Join the #SundaySupper conversation on twitter each Sunday. We tweet throughout the day and share recipes from all over the world. Our weekly chat starts at 7:00 pm ET and you do not want to miss out on the fun. Follow the#SundaySupper hashtag and remember to include it in your tweets to join in the chat. Don’t forget to also check out our #SundaySupper Pinterest board for more fabulous recipes and food photos.

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  1. says

    The bars look wonderful, it really is a challenge to get them to stick together without all that sugar. I share the same goal this year, cutting down (out??) processed sugars although I still plan on baking but hope to cut down dramatically. I have to go on a diet and part of my plan is to cut sugar out almost completely. I did it before and lost a ton of weight and felt so much better. I really look forward to your recipes and further research on this.
    apuginthekitchen recently posted..Lentil SoupMy Profile

  2. says

    I eat a granola bar every afternoon for a snack. I’m so tired of the ones I get at the store (organic) and have been wanting to make them at home. Your recipe has all the fruits and flavors I want in a granola bar. Thanks for sharing it.
    Renee recently posted..Ropa Vieja for #SundaySupperMy Profile

  3. says

    Totally get how your’e feel. Have my reservations about agave too. I use stevia in my smoothies, shakes & teas but can’t cook with it. So I use raw honey, raw brown sugar and have been toying with the idea of using coconut sugar. So far what’e been said about it seems good. I love this recipe. Full of natural goodness and fruit. Been on my bucket list too. i may try these :) ! Love the addition of pomegranate molasses ! Looking forward to your recipes on your project !

  4. says

    I haven’t tackled granola bars yet, though I’d like to. You can read and read and still have questions about nutritional topics like sugar: as you say, fruits and vegetables can have a lot of sugar and yet we all know that they are part of a healthy diet. One thing that I wonder if these studies have adequately addressed is fiber: the sugar in a fruit that has lots of good natural fiber is absorbed much more slowly than, say, the sugar in a soda. That’s much easier on our system, and by the time we eat, say, an apple, there’s time for the signal that we are full to be transmitted and get us to stop eating. Not true, as you note, with the candy bar.

    I doubt that agave deserves the hatchet job it’s gotten on the internet lately and I continue to use organic agave from time to time, just as I also use honey, coconut palm sugar, and maple syrup. I sometimes use blended dates to sweeten food, too. I like your idea of using more root vegetables to get a sweet taste in something that for sure is nutritionally sound.
    Mary @ Fit and Fed recently posted..Date Sweetened No Oil No Sugar GranolaMy Profile

    • says

      Hi Mary, I’ve been experimenting more with dates lately too. There are options out there, for sure. But they do take some experimenting with. You make an excellent point on the fiber, and the Glycemic index (GI) and Glycemic Load (GL) can shed light there. The GI compares carbs to each other based on how fast they’re broken down by our bodies. The faster the they get broken down, the higher the score, and the lower the fiber. GL weights the GI as an individual serving. Thanks so much for stopping by with your thoughtful comment!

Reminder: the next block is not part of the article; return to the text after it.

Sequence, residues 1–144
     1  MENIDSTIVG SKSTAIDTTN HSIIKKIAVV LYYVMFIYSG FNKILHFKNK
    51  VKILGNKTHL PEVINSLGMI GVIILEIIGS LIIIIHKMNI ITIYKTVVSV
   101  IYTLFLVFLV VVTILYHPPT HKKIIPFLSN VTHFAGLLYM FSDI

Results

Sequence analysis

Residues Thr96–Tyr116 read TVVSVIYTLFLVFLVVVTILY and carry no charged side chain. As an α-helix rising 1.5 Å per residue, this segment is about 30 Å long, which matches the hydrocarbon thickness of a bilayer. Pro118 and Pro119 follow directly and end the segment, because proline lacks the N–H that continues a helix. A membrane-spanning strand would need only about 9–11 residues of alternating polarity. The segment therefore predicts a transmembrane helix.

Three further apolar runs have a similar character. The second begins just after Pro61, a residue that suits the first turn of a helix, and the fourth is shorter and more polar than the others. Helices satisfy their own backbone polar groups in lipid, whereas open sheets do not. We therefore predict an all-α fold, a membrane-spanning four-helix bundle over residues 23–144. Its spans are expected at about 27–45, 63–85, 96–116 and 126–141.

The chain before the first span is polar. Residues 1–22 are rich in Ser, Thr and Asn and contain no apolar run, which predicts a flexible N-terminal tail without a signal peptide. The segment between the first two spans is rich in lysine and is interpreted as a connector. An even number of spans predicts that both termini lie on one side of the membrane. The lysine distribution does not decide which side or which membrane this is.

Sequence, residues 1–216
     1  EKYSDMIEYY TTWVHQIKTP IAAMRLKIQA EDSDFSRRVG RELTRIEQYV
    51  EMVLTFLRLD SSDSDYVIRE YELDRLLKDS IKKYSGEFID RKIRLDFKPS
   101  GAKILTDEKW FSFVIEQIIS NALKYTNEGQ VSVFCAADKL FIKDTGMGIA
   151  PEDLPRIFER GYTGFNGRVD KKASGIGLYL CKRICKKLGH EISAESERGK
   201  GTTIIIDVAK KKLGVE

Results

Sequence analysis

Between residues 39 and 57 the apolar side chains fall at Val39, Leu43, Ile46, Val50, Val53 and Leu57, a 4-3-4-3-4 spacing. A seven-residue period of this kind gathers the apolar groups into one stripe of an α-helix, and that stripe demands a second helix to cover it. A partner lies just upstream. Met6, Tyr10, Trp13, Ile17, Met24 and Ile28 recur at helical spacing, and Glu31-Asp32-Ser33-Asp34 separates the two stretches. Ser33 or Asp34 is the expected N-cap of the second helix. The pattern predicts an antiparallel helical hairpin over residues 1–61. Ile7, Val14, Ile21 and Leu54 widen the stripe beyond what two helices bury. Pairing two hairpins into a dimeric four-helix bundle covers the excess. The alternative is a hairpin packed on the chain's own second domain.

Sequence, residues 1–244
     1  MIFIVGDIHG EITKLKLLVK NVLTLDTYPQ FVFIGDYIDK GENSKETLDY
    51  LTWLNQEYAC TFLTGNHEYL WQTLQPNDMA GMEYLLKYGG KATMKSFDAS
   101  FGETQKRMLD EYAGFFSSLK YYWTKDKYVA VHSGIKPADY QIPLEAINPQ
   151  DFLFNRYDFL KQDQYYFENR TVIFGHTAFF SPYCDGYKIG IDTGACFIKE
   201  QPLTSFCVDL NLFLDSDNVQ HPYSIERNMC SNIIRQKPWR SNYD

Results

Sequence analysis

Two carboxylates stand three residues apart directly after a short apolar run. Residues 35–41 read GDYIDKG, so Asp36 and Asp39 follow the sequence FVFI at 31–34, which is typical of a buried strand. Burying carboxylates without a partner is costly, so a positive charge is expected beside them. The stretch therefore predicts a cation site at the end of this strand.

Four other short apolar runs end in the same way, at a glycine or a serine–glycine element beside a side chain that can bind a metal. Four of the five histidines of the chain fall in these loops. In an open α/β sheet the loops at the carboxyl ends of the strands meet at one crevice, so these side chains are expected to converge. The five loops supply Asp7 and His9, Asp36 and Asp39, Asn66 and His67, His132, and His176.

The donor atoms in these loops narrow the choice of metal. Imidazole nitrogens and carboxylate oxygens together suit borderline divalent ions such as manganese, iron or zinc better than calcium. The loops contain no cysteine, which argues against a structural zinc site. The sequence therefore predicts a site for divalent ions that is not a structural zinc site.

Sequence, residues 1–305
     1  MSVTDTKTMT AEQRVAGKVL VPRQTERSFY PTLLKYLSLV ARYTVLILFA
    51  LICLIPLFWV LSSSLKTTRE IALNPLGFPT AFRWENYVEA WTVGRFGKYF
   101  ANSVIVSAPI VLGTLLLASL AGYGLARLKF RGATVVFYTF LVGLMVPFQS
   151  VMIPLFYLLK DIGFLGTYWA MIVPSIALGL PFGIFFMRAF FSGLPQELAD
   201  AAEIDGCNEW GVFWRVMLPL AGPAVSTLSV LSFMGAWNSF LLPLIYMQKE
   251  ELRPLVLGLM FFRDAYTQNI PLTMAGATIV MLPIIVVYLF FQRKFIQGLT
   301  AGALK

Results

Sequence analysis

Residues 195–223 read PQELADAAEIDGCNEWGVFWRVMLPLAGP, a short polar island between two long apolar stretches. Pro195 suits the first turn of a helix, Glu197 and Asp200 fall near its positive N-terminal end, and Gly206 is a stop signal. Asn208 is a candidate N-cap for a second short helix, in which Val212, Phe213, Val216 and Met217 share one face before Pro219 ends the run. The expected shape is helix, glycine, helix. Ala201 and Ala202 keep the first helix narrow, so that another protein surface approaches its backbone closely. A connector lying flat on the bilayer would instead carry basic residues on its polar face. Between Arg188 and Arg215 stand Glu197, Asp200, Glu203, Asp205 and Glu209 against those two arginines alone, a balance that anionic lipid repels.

The Wimpy Vegetarian recently posted..Skinny Potato and Fennel Gratin with Leek ConfitMy Profile

  5. says

    There is so much information out there about what is healthy and what is not, which is good. The problem is that healthy seems to be a moving target! Your granola bars look beautiful and tasty!

  6. says

    I am new to your site but love what I’ve found so far! You have some great recipes. These bars look absolutely delicious. What are sunflower kernels? Sunflower seeds? Can they be found at any natural foods store? I’ve never baked with them before! Thanks for sharing and I hope to try out some of your recipes soon!

  7. says

    Sigh…Susan, everything you wrote in this post I already know yet I still can’t shake my sugar addiction. Type II diabetes runs in my family and I’m always scared that I’m well on my way towards it. I crave sugar all the time, especially after meals, and I have no will power to stop myself from noshing on chocolate bars, donuts, cookies, etc. Even though I now bake most of the sweets I devour, it’s still way too much sugar to consume. I am definitely going to pay close attention to your blog in the next few months so that I can incorporate some of your healthy recipes into my diet, like this yummy granola bar recipe. Granola bars have been on my foodie bucket list for a long time so all these scary stats about sugar should kick my butt into making them instead of buying the processed crap!

    • says

      Thanks Cass! I’m willing to bet the protein bars have protein powder in them, and likely more nut butter or whatever they’re using for the glue to hold them together. I’ve tried to go as low as possible with that and still have them hold together. That’s why I need the refrigerator which hardens them slightly. Otherwise, the bars will easily break apart into a granola snack without the handy bar shape. I’m working now on creating one that can be baked, using egg whites as the binder so I won’t need to keep them refrigerated. As for shelf life, since I’m keeping them in the fridge, it’s not really an issue. On the counter, I’m not too concerned about them going bad either since none of the ingredients have much risk associated with them.
      The Wimpy Vegetarian recently posted..Skinny Potato and Fennel Gratin with Leek ConfitMy Profile

  8. says

    I love this! I´ve been trying to find a good recipe for a long time and this almost matches everything i would want :) However I am allergic to coconut so could i substitute that with some more peanut butter or something else? maybe just cut the coconut out all in all?